It shows that the IT department should be a main partner in business, being able to identify which areas or services are essential for the business and can’t fall out even in times of crisis. Finding new online solutions goes hand in hand with security: The more you move your business into the online environment, the more your business is at risk and must be well-protected from digital threats. Today, good IT support is the key to success. When a company pursues digital transformation, almost everything becomes possible. The C-suite should be aware of this.
Do you think that thanks to the crisis, companies could start to perceive digitalization and IT more positively?
Definitely. It is obvious that companies that have been preparing for digital transformation are able to withstand the pandemic better than the ones that were fully offline. Digitalization will also be important in the long term. The more employees that can work remotely and the more processes that can take place online, the more advantageous it will be for companies – also because such measures will reduce absences caused by illnesses.
It is clear that some fields cannot be fully digitized yet, but small changes make a difference too. For example, if you transfer your accounting to the online environment, you can not only manage finances anywhere and anytime, but you are also more efficient. You can work with metadata and analyses and compare data easily. As a result, digitalization can bring the company further than developing a new product for example.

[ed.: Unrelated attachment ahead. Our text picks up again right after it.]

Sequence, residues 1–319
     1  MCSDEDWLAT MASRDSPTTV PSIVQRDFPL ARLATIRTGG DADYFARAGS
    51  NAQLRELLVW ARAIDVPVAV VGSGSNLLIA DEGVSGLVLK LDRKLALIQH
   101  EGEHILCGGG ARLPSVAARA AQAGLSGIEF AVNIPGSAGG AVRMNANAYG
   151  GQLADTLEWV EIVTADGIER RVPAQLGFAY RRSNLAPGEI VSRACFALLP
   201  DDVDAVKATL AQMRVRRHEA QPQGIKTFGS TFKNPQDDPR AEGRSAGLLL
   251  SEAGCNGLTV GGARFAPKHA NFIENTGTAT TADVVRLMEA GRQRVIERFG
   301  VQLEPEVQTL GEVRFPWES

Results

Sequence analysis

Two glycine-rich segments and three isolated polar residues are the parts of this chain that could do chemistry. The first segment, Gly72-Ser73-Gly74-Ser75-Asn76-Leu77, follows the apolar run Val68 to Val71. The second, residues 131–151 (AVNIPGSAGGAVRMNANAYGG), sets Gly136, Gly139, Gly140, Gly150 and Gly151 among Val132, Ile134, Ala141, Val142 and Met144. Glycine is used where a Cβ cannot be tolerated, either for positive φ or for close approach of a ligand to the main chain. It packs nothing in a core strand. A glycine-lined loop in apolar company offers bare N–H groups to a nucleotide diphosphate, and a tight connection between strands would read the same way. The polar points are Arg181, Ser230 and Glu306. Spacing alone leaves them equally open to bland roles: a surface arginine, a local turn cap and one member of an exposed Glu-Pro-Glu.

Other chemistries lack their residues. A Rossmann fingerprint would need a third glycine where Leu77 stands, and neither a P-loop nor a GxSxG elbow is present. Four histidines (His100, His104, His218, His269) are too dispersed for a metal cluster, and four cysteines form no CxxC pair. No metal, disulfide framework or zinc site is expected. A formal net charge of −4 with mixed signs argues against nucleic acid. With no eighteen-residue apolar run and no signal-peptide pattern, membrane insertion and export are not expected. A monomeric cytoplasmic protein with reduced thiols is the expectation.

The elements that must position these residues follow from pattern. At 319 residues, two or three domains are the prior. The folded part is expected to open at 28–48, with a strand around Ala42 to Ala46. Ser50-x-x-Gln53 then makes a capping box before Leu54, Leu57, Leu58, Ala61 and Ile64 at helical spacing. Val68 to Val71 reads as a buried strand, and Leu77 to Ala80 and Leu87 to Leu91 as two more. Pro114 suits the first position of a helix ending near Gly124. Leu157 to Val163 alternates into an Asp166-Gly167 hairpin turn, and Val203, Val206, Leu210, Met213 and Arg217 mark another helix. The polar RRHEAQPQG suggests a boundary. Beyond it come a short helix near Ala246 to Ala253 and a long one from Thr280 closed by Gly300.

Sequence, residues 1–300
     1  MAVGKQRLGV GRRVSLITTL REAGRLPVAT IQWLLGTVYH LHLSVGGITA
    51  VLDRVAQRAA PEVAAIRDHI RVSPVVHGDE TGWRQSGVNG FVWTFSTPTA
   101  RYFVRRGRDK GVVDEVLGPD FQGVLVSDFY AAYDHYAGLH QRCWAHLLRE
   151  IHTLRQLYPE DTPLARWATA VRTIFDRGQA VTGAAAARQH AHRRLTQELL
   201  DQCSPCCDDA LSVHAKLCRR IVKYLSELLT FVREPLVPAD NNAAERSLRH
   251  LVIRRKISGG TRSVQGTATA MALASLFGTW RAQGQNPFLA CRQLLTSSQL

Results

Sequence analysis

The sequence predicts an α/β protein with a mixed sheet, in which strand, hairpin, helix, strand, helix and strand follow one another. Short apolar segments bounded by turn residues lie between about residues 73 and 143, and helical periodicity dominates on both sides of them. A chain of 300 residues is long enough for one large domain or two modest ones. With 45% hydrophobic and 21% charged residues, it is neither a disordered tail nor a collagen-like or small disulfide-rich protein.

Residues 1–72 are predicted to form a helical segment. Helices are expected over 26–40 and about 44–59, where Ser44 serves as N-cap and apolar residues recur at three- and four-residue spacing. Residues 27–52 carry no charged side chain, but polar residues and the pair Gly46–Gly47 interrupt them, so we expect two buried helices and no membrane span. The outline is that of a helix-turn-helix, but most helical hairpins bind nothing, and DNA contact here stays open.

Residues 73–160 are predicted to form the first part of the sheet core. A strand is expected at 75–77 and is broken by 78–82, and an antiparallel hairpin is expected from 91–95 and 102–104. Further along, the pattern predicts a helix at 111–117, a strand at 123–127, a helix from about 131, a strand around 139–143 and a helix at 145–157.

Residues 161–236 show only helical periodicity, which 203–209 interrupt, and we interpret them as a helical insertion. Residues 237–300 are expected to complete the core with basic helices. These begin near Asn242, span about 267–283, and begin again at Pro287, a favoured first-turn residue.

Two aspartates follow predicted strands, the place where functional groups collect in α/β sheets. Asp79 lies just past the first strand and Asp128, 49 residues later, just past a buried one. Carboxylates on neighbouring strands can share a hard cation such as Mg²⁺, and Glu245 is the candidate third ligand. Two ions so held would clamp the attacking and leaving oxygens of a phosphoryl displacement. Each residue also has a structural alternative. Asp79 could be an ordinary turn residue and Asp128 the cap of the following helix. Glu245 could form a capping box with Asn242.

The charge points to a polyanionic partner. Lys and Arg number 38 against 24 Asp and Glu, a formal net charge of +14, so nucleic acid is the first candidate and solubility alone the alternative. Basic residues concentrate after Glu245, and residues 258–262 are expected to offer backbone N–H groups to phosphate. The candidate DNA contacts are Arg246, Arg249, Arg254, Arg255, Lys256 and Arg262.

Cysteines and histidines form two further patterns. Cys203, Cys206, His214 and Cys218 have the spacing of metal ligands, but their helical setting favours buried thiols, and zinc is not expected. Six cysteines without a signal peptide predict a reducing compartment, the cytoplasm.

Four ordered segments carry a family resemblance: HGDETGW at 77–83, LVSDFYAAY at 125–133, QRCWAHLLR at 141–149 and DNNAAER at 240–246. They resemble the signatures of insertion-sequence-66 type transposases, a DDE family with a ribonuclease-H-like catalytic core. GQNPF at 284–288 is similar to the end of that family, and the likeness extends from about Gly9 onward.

Introducing digital tools is one thing; motivating employees to use them effectively is another matter. What has worked for you?
You need to know your employees, their values and attitudes, and approach them accordingly. People need space for self-realization, and they should be assigned tasks they enjoy. Thanks to that, they will work as best they can and use new tools enthusiastically. It is also essential to talk to employees so that they realize the importance of the digital environment – it’s only thanks to information technology that many people can work online and be safe at the same time.
I believe that even those who have not used online tools at work can find their way to digital transformation. It’s all about creating a user-friendly environment. After all, almost all of us are active on social networks, including older generations. And if we have managed to digitize our private lives, we can do the same with our work.